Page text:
On Sunday, gun control activist Mark Kelly appeared on Fox News to make his case for tougher gun laws, including what he believes is the cornerstone of gun control reform: universal background checks.
When asked about Sen. Chuck Grassley’s effort to draft a bill that would potentially exclude UBCs, Kelly – the husband of former Congresswoman Gabrielle Giffords, who was shot in the head at a political gathering near Tucson – told Fox News Sunday’s Chris Wallace that would be a “mistake.”
“I think any bill that does not include a universal background check is a mistake,” he said. “It’s the most common sense thing we can do to prevent criminals and the mentally ill from having access to weapons.”
Kelly went on to cite poll numbers that suggest widespread support for UBCs, which he argued runs contrary to the NRA’s narrative on the issue.
“You know, 92 percent of Americans support a universal background check,” Kelly said. “It’s 74 percent of NRA members.”
“I would hope at some point that the leadership of the NRA would just listen to their membership on this issue,” he added.
According to the NSSF survey, which polled 640 FFLs nationwide earlier this month, 85 percent of gun dealers oppose UBCs. When asked whether requiring background checks on all gun sales, even those private transactions, made between hobbyists and collectors, would stop criminals from obtaining firearms, 95.7 percent answered “no.”
Likewise, the ISRA survey – which polled 4,500 gun owners – found that two-thirds of respondents opposed background checks on private gun sales, even if the government was required to destroy all records of the background checks.
While support for UBCs is debatable, one place where both Kelly and the NRA agree is the need for the government to fix the broken mental health system, particularly the reporting of patients who are declared or adjudicated ‘mentally defective’ to the FBI’s criminal background check database.
WALLACE: But doesn’t the NRA have a point: if you’re going to expand the background check and cover more people, don’t you have to make sure the mental health information gets into the system, because otherwise it’s kind of a waste of time?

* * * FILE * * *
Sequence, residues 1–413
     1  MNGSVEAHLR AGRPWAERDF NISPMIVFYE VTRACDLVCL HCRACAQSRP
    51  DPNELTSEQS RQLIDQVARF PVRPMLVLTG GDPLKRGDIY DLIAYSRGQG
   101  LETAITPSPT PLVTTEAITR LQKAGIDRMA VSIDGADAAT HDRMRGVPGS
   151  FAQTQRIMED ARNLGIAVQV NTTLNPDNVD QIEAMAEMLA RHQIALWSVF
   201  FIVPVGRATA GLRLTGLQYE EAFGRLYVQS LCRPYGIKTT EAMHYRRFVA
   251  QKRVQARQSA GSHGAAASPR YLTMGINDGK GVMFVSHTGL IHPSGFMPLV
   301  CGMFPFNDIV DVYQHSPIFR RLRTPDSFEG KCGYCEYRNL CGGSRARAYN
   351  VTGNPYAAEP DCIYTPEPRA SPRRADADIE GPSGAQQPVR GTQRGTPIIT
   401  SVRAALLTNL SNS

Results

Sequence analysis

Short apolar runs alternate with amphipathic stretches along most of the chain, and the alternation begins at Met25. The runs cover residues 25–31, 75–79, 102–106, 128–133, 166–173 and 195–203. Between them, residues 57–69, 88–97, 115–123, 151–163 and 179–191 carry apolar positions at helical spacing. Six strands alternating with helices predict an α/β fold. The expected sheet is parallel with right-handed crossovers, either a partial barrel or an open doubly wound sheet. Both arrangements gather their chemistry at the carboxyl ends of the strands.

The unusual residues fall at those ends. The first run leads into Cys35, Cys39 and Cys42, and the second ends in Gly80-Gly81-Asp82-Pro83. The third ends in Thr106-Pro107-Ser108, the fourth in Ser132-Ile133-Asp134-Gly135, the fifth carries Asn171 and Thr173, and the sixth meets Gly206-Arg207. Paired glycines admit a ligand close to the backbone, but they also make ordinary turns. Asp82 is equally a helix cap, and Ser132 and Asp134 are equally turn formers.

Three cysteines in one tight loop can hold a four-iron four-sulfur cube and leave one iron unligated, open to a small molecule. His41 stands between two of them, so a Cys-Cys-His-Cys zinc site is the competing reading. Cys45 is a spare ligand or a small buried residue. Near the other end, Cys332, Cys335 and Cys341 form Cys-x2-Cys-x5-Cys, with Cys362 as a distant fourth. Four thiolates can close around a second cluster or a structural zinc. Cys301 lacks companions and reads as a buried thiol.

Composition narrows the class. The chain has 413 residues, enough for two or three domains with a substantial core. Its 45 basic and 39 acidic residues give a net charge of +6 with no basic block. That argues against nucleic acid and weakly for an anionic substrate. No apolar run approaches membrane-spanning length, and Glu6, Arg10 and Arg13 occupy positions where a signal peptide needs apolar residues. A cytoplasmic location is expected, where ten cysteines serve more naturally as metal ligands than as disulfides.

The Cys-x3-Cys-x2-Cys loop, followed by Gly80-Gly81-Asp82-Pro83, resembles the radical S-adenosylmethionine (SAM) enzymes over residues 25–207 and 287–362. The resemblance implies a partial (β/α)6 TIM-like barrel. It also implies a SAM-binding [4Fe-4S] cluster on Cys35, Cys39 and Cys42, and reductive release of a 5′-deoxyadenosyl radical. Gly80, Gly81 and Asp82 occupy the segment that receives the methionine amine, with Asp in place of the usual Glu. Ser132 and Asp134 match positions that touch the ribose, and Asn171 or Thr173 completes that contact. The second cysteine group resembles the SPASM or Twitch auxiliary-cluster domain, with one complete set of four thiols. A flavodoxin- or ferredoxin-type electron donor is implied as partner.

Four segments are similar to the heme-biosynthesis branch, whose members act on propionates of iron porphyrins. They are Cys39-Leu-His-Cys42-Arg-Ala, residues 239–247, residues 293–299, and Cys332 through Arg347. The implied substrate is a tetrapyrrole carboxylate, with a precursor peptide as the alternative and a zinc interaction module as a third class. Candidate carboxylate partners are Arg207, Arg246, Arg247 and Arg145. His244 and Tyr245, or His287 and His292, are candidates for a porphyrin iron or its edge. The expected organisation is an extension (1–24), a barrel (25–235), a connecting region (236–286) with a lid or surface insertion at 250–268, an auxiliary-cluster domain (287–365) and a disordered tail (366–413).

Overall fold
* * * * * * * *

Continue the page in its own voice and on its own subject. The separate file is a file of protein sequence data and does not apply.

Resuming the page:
KELLY: They absolutely have a point. I mean, they are — they are right on that issue.
I mean, we need to encourage states to include the mental health records. After Virginia Tech, for instance, Virginia was one of the worst states on this. And after what happened in Virginia Tech, they’re actually really, really good about getting those records to the federal government.
So I’m encouraging — I mean, I would love to be able to work with the leadership of the NRA and work with the United States Senate and the House to make sure we get those records in the system and then close the gun show and private seller loophole, like 92 percent of Americans want, like 74 percent of NRA members want.
Unfortunately, one question that did not crop up during the interview was one about Kelly’s recent (controversial) purchase of an AR-15. Kelly, a vocal proponent for a federal ban on ‘assault’ weapons and standard capacity magazines that hold more than ten rounds, said he bought the semiautomatic rifle to show the public how painless it is to undergo a background check.
However, due to the fact that Kelly was allegedly planning to give the rifle away to a third party, the Tucson police, the transaction was flagged and the FFL canceled the deal.
Ideally, Wallace would have asked Kelly questions about this failed stunt.